The account balance for a first-time home buyer savings account could not exceed a maximum of $50,000. Accounts could continue to accrue earnings if the total balance had reached the limit and could not be considered to have exceeded the maximum account balance.
Contributions to and interest earned on a first-time home buyer savings account, as well as qualified withdrawals made from the account, would be exempt from taxation under Section 30 of the Income Tax Act (the section Senate Bill 146 would amend). "Qualified withdrawal" would mean a withdrawal from an account that is not subject to a penalty under the proposed Act or taxation under the Income Tax Act, and that is a withdrawal from an account to pay the eligible costs of the qualified beneficiary incurred after the account is established or a withdrawal made as the result of the death or disability of the qualified beneficiary of an account.
If funds were withdrawn from an account for any purpose other than the payment of eligible costs by or on behalf of a qualified beneficiary, there would be a penalty equal to 10% of the amount withdrawn. The penalty would have to be paid to the Department. However, the penalty would not apply if the funds withdrawn satisfied any of the following:
-- Withdrawn by reason of the qualified beneficiary's death or disability.
-- A disbursement of assets of the account under a filing for protection under the United States Bankruptcy Code.
-- Transferred from an account established under the proposed Act into another account established under the Act for the benefit of another qualified beneficiary.
Document Submission & Department Rules
An account holder would have to submit, with his or her income tax return filed under the Income Tax Act, all of the following to the Department, on forms prescribed by the Department:
-- Detailed information regarding the first-time home buyer savings account, including a list of transactions for the account during the tax year.
-- The Form 1099 issued by the financial institution for the account.
-- After withdrawal of funds from a first-time home buyer savings account, a detailed account of the eligible costs toward which the account funds were applied and a statement of the amount of funds remaining in the account, if any.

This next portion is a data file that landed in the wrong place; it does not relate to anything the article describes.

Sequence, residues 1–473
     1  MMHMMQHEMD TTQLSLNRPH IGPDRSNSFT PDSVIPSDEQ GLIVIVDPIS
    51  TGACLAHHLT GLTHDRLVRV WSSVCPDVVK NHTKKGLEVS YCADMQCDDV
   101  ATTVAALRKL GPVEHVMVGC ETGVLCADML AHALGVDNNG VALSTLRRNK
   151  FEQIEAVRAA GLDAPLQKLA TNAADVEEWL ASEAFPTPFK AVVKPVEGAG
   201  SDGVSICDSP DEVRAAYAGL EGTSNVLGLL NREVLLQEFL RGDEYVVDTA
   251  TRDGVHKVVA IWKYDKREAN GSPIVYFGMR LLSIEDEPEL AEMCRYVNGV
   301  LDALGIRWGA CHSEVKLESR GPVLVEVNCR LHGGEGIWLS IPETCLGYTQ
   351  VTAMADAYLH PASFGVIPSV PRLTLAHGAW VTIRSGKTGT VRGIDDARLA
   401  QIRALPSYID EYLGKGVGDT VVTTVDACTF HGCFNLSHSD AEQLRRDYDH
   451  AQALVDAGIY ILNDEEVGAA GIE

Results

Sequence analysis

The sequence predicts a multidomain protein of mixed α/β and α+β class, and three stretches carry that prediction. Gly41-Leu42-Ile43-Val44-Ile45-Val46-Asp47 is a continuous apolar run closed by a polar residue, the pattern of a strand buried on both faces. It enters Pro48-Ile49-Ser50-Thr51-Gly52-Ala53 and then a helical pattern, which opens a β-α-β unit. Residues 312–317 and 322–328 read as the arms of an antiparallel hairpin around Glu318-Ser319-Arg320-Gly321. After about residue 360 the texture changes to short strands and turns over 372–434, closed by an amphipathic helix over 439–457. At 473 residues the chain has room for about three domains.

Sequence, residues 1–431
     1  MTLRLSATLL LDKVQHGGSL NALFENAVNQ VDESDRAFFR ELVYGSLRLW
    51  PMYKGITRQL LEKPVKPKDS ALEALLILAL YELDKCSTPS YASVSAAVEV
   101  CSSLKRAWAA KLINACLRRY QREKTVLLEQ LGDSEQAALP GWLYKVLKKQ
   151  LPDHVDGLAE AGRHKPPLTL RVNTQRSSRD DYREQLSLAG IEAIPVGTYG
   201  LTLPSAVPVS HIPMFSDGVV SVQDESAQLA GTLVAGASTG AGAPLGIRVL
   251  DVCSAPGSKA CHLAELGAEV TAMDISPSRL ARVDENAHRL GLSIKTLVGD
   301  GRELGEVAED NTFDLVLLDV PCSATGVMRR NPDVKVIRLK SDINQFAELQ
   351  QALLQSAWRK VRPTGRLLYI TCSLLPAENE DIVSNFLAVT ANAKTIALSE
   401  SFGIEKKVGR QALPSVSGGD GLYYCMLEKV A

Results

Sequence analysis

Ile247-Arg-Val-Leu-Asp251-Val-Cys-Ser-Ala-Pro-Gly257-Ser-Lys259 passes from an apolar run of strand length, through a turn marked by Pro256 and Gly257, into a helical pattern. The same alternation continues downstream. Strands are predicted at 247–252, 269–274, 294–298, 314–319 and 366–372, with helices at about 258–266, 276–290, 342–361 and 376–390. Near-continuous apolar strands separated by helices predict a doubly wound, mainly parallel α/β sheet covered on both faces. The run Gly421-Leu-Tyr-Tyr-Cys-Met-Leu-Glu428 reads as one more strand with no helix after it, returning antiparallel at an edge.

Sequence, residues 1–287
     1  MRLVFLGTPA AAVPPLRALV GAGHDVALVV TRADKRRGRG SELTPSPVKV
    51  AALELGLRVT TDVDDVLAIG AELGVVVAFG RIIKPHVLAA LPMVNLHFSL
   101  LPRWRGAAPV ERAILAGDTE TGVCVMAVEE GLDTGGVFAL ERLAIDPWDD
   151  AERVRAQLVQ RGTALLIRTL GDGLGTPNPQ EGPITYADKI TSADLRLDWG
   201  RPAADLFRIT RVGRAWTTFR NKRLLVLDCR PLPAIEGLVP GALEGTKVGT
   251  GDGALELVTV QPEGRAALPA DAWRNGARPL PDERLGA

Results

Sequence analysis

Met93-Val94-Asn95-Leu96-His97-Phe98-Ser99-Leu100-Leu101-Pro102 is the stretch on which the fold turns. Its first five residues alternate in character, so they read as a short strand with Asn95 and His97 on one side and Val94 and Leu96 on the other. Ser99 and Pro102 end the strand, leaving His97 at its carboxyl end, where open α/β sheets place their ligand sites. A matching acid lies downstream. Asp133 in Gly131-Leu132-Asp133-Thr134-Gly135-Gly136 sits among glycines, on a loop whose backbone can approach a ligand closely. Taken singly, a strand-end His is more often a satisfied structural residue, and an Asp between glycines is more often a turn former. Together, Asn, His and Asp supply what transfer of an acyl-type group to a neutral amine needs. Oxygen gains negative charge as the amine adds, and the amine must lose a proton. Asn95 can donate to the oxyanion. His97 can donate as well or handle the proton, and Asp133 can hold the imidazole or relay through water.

The Department would have to prepare forms for each of the following to be filed with an income tax return:
-- The designation of an account with a financial institution to serve as a first-time home buyer savings account.
-- The designation of a qualified beneficiary of a first-time home buyer savings account.
-- Detailed information regarding the first-time home buyer savings account, including a list of transactions for the account during the tax year, and identifying any supporting documentation that the account holder was required to maintain, for annual submission to the Department.
The State Treasurer could promulgate rules to implement the Program. The rules could not apply to, or impose administrative, reporting, or other obligations or requirements on, financial institutions-related accounts for first-time home buyer savings accounts.
A financial institution would not be required to do any of the following:
-- Designate an account as a first-time home buyer savings account, or designate the qualified beneficiaries of an account, in the financial institution's account contracts or systems or in any other way.
-- Track the use of money withdrawn from a first-time home buyer savings account.
-- Allocate funds in a first-time home buyer savings account among joint account holders or multiple qualified beneficiaries.
-- Report any information to the Department that otherwise would not be required by law.
A financial institution would not be responsible or liable for any of the following:
-- Determining or ensuring that an account satisfied the requirements to be a first-time home buyer savings account.
-- Determining or ensuring that funds in a first-time home buyer savings account were used for eligible costs.
-- Reporting or remitting taxes or penalties related to the use of a first-time home buyer savings account.
After being furnished proof of the death of the account holder and any other information required by the contract governing the first-time home buyer savings account, a financial institution would have to distribute the principal and accumulated interest or other income in the account in accordance with the terms of the contract.
"Financial institution" would mean any bank, trust company, savings institution, industrial loan association, consumer finance company, credit union, or any benefit association, insurance company, safe deposit company, money market mutual fund, broker, or similar entity authorized to do business in Michigan.
Senate Bill 146